St Helena and St Katharina were carved from limewood between 1490 and 1500 in Germany and still have some traces, over 500 years later, of the original paint.
St Helena (left) was the mother of Constantine the Great and travelled widely in the fourth century seeking holy relics and having churches built. I wonder what travel was like then? She was thought to be in her 80's when she went to Jerusalem and the Holy Land. There is a St Helen's church in York where Constantine was proclaimed emperor on the death of his father, and she was known in Cyprus too, and I have a special admiration for her. For some unaccountable reason I always get a little thrill when I come across her.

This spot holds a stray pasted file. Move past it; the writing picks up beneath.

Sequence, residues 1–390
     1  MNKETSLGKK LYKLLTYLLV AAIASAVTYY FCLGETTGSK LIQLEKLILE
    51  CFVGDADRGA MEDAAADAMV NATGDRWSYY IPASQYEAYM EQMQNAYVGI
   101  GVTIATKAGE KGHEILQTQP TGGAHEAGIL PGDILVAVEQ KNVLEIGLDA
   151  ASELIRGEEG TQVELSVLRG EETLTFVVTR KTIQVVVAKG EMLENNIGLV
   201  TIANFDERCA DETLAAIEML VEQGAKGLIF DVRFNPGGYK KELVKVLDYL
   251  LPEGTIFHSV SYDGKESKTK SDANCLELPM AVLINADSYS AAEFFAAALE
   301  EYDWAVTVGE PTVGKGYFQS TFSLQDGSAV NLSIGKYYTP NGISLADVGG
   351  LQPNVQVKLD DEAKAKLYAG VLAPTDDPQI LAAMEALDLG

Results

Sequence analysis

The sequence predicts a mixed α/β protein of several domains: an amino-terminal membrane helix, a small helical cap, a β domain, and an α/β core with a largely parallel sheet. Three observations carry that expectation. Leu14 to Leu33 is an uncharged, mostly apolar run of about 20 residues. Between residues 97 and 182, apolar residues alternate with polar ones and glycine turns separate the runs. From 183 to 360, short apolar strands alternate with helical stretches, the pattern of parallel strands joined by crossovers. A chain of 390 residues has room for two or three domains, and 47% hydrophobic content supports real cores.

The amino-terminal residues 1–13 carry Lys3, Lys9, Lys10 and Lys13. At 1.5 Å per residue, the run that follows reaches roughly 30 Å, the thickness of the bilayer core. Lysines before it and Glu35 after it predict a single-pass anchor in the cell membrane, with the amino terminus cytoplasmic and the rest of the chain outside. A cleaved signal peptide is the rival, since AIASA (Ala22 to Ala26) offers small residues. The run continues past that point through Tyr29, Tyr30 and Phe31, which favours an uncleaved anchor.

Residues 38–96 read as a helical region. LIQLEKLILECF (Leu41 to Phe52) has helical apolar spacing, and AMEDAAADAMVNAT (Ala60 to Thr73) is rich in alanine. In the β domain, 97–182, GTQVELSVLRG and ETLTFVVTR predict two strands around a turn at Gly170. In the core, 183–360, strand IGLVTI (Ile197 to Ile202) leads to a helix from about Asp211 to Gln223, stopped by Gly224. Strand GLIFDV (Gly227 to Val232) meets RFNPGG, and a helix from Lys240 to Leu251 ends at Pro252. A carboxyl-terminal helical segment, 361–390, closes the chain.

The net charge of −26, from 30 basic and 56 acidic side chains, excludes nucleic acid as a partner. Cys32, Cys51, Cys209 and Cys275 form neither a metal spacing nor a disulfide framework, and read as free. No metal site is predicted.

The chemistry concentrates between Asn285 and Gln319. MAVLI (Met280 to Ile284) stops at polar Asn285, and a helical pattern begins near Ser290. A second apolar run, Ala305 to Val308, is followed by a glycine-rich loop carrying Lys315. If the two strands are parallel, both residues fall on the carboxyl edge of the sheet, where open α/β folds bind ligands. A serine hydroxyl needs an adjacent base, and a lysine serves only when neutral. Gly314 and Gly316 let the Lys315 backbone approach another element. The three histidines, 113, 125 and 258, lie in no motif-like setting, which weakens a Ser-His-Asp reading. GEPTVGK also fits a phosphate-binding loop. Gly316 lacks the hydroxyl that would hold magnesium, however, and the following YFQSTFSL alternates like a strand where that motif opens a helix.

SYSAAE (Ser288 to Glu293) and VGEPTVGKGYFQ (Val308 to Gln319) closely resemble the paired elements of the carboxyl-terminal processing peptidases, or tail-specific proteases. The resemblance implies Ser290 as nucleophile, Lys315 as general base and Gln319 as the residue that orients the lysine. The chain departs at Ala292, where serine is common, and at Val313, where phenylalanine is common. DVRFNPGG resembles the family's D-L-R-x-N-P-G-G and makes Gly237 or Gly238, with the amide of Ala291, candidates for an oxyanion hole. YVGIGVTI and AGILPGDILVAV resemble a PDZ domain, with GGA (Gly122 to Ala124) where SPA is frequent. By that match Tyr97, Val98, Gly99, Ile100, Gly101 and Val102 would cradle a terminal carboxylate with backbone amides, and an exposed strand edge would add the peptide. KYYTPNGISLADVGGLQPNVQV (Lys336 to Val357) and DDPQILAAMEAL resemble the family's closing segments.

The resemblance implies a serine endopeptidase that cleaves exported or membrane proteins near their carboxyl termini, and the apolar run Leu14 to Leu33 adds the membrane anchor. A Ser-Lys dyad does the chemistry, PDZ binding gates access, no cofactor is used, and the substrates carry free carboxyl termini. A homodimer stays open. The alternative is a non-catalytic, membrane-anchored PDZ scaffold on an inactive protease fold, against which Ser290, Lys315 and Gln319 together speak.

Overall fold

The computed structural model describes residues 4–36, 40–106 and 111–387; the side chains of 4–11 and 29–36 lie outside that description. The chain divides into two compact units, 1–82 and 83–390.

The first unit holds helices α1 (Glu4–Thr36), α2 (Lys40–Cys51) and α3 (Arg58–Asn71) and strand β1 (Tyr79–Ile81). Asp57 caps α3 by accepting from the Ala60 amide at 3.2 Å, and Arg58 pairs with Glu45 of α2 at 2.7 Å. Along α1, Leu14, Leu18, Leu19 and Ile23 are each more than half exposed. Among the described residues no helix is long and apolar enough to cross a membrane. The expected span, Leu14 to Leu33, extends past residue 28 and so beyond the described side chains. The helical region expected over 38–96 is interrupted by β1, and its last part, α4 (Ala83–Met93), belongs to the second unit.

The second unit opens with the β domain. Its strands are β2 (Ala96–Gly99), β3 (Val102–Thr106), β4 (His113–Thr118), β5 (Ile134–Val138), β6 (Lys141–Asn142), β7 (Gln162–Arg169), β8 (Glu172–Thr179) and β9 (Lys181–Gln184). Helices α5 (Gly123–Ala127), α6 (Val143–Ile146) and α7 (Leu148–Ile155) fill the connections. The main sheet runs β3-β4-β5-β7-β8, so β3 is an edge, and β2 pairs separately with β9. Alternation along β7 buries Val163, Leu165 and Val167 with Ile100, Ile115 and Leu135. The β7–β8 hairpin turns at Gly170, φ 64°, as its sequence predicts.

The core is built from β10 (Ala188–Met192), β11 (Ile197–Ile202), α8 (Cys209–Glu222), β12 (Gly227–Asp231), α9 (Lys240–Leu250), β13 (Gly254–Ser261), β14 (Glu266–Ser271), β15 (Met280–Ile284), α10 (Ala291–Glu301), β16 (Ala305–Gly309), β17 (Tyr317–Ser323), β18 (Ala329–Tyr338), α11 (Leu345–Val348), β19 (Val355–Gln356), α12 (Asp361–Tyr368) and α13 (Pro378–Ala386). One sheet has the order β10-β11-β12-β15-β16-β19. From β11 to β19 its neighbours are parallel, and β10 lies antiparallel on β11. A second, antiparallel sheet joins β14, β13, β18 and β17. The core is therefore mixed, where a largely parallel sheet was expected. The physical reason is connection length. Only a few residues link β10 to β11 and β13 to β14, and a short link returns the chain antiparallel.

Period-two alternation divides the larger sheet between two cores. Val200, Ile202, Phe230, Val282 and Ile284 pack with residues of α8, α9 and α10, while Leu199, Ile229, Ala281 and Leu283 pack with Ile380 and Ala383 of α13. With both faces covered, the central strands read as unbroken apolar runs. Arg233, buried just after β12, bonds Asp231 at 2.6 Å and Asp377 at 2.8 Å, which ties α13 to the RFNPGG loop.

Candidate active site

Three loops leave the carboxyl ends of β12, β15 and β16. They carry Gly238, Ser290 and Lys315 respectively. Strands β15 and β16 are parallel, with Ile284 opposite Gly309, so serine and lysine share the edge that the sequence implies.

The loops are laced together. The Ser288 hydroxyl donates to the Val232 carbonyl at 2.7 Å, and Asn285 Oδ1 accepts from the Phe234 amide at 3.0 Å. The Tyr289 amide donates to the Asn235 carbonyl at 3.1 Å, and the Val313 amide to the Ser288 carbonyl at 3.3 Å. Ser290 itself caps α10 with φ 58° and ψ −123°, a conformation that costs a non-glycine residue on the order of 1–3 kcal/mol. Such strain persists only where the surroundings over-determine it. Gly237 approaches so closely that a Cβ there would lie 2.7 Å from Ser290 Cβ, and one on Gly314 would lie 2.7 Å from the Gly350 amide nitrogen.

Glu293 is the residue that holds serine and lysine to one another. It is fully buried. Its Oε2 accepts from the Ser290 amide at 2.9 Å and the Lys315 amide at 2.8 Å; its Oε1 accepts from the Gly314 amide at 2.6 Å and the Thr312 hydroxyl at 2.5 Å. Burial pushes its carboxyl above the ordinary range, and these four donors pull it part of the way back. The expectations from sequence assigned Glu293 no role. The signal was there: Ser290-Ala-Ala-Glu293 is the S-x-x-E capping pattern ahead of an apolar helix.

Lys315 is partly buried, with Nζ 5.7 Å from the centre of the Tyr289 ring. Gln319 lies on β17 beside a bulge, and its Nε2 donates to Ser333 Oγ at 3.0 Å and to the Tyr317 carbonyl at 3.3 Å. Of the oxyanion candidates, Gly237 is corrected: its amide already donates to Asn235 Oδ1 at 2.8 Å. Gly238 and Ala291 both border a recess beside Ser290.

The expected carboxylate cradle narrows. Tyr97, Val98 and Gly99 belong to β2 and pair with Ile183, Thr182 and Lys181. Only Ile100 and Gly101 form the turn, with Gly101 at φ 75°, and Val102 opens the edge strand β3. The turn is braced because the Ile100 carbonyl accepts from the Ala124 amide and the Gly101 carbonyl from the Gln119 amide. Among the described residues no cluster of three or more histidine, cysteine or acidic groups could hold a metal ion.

It felt rather special to meet her this afternoon at the first exhibition I have been to for ages.
Here is St Anne teaching the young Virgin to read. She looks like a very severe teacher. Made about 1400 from oak with original paint and gilding, this comes from southern France. Imagine making the fabric of the headdress from solid oak.
St John the Evangelist is also German and carved from limewood around 1520. It was the beauty of the carving which struck me most in this one.
I wondered who made it all those years ago with such skill and attention, even to the fingernails, and what their world was like.
This beautiful exhibition took me out of myself for a couple of hours.